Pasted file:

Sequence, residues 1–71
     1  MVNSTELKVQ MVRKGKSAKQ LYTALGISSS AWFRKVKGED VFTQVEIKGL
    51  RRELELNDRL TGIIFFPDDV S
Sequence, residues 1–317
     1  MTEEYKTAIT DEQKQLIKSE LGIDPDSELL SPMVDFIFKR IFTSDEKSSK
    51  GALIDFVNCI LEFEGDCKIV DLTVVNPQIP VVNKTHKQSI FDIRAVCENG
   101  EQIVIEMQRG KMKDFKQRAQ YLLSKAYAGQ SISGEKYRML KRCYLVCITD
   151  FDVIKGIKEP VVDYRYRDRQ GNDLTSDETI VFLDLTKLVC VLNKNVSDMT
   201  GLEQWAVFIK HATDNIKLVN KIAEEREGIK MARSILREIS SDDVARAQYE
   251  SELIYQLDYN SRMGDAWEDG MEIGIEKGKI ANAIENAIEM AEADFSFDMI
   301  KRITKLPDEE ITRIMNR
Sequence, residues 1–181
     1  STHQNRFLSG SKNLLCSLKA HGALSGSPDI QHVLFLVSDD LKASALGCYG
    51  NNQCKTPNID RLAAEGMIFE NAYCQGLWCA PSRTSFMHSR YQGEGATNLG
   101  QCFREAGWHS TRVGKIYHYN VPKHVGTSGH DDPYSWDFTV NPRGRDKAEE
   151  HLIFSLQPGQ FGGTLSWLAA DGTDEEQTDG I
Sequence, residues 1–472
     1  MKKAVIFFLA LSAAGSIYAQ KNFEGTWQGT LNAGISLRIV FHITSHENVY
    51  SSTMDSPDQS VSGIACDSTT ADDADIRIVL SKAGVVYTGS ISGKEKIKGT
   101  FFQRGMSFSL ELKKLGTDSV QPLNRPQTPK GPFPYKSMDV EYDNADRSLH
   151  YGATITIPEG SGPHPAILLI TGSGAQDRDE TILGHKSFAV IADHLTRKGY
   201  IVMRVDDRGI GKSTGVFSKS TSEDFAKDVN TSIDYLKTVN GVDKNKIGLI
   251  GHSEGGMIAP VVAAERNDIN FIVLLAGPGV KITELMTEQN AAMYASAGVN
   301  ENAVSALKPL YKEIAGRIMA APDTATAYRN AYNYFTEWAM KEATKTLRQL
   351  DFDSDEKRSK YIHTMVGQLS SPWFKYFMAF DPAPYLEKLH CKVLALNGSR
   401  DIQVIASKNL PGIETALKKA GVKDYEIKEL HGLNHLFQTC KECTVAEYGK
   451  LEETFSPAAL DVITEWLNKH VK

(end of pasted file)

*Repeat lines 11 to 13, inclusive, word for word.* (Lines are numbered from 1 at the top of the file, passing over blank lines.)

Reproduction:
   301  KRITKLPDEE ITRIMNR
Sequence, residues 1–181
     1  STHQNRFLSG SKNLLCSLKA HGALSGSPDI QHVLFLVSDD LKASALGCYG